Firstly, the death of Usama bin Laden constitutes clearly an important landmark, a turning point. However, it is neither the end of Al-Qaida nor the end of terrorism.

The Committee will duly assess the implications which recent events may have on the nature of the threat posed by Al-Qaida and the Taliban, and on the future work of the Committee.

The Monitoring Team will have to monitor closely current and future developments in this regard. It is clear, however, that the rigorous implementation of the sanctions measures remains essential, since various groups associated with Al-Qaida remain active around the world, constituting a continued threat to international peace and security.

At the same time, the Committee, supported by the Monitoring Team, should consider how it can best play its part in further marginalising Al-Qaida and how it can ensure that the 1267 list continues to fully and adequately reflect the evolving threat posed by Al-Qaida and its affiliated networks.

Secondly, regarding Afghanistan, the Committee has discussed possible implications that political dialogue in Afghanistan may have on the work of the Committee and the future design of the regime.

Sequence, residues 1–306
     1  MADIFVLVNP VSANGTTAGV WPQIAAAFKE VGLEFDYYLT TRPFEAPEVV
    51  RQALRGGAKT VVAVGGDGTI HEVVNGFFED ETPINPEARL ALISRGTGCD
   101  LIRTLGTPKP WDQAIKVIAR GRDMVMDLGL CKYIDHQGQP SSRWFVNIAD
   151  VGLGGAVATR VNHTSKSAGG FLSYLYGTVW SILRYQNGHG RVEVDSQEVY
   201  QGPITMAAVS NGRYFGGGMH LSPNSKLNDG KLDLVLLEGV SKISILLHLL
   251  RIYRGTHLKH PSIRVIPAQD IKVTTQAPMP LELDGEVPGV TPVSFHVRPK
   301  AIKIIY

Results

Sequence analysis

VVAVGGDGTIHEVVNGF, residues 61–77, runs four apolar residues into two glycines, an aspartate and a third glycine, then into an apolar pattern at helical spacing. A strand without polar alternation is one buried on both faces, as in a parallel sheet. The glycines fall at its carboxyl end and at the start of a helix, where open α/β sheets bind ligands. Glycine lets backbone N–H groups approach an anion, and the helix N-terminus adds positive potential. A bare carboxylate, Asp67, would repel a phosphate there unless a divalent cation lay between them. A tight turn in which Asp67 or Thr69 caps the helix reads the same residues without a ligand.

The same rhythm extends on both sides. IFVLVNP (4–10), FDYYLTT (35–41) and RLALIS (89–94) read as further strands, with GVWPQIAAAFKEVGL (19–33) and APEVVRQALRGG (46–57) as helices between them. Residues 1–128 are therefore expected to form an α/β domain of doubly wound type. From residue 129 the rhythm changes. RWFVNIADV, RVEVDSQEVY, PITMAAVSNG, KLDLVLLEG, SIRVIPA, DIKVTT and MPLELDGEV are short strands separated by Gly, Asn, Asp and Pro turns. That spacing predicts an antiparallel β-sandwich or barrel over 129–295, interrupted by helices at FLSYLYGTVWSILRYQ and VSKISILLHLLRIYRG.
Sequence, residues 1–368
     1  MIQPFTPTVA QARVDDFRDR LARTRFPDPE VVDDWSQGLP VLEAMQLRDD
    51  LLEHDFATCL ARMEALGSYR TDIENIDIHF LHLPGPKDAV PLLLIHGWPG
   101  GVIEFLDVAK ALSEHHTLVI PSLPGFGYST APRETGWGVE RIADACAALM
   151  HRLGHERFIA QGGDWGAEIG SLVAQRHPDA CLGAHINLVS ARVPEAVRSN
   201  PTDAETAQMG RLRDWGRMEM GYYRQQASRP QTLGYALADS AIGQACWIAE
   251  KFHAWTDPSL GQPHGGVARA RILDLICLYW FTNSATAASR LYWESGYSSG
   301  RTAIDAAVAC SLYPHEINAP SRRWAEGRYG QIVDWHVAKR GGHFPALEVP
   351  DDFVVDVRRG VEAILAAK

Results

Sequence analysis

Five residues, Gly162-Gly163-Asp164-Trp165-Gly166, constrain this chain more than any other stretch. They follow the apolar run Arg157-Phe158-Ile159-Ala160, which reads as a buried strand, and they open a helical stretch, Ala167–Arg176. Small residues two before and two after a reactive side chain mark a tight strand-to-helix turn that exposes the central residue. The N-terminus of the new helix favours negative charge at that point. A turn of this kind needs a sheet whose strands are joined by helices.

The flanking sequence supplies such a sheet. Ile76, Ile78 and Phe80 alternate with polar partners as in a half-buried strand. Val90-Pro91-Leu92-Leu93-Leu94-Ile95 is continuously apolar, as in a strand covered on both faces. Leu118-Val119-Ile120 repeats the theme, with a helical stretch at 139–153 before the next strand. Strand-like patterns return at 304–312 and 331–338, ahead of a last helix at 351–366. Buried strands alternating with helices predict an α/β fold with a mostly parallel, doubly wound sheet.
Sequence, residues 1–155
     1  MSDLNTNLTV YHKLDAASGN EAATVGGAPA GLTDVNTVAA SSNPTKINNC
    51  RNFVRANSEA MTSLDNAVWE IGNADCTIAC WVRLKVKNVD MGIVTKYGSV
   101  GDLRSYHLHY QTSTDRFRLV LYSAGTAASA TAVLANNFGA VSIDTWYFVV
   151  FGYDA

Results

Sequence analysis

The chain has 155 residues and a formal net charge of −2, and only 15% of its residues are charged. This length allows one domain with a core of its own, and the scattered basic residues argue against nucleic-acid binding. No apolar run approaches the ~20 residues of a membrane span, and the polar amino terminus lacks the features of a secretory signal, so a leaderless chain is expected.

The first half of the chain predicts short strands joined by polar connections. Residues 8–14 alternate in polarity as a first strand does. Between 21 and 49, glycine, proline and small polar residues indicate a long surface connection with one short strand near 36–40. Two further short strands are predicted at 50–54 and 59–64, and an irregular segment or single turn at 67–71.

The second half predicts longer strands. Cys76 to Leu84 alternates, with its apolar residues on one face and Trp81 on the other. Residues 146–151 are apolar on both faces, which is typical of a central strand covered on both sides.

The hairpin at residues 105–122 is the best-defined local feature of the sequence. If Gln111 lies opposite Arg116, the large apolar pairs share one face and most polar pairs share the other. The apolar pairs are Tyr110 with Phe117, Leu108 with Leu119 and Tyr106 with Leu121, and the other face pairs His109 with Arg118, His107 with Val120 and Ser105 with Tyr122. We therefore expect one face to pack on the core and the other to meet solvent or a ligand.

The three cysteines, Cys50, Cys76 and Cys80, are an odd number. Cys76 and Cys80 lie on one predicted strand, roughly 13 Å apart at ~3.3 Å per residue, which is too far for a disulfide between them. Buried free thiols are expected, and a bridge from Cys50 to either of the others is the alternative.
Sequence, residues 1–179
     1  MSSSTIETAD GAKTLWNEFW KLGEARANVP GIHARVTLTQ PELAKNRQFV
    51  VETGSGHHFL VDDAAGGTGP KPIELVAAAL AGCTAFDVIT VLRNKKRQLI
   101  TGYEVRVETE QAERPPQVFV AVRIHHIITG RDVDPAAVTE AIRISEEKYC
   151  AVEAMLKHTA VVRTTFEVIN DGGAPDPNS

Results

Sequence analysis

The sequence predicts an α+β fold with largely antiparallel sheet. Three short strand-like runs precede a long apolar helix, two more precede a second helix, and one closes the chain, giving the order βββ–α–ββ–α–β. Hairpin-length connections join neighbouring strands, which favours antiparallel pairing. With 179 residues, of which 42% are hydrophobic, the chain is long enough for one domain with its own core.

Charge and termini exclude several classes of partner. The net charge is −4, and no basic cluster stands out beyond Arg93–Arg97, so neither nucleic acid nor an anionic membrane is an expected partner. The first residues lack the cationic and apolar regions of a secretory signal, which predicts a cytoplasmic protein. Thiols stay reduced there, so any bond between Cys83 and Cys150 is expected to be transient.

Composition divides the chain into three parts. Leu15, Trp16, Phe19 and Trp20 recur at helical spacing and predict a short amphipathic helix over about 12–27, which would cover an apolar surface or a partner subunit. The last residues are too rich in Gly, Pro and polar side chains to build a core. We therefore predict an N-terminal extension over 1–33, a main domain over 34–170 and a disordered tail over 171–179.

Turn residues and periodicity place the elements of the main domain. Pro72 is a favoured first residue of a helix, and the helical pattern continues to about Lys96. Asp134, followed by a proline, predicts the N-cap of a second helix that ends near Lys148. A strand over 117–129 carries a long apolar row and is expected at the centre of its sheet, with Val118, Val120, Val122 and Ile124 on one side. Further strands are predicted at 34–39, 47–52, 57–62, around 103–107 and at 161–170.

The Monitoring Team in its recommendations paper has provided several options for developing the 1267 regime further according to the perceived needs of political dialogue in Afghanistan.

It is the view of the Chairman that the Committee and the 1267 regime as a whole must be prepared to play a facilitating and supporting role in a political dialogue and must not become a stumbling block towards peace and security in the region.

The Committee has been proactive in seeking and taking into account the views of the Afghan government in the process of listing and de-listing Afghan Taliban.

The Committee will consider a draft check list of necessary supporting documentation for de-listing requests. However, taking into account the dynamics of political processes, it is the view of the Chairman that the design of the regime may have to be further developed.